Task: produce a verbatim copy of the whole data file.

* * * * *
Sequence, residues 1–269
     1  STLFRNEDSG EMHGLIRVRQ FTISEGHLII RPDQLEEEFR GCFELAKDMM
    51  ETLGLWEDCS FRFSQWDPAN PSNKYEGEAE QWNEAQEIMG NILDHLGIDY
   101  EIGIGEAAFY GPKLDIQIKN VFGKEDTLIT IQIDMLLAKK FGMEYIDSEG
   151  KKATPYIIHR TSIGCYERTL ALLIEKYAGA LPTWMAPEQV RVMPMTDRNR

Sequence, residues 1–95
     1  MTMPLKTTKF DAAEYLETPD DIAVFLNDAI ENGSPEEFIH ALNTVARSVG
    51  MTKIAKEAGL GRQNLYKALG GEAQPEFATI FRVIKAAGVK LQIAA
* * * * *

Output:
Sequence, residues 1–269
     1  STLFRNEDSG EMHGLIRVRQ FTISEGHLII RPDQLEEEFR GCFELAKDMM
    51  ETLGLWEDCS FRFSQWDPAN PSNKYEGEAE QWNEAQEIMG NILDHLGIDY
   101  EIGIGEAAFY GPKLDIQIKN VFGKEDTLIT IQIDMLLAKK FGMEYIDSEG
   151  KKATPYIIHR TSIGCYERTL ALLIEKYAGA LPTWMAPEQV RVMPMTDRNR

Sequence, residues 1–95
     1  MTMPLKTTKF DAAEYLETPD DIAVFLNDAI ENGSPEEFIH ALNTVARSVG
    51  MTKIAKEAGL GRQNLYKALG GEAQPEFATI FRVIKAAGVK LQIAA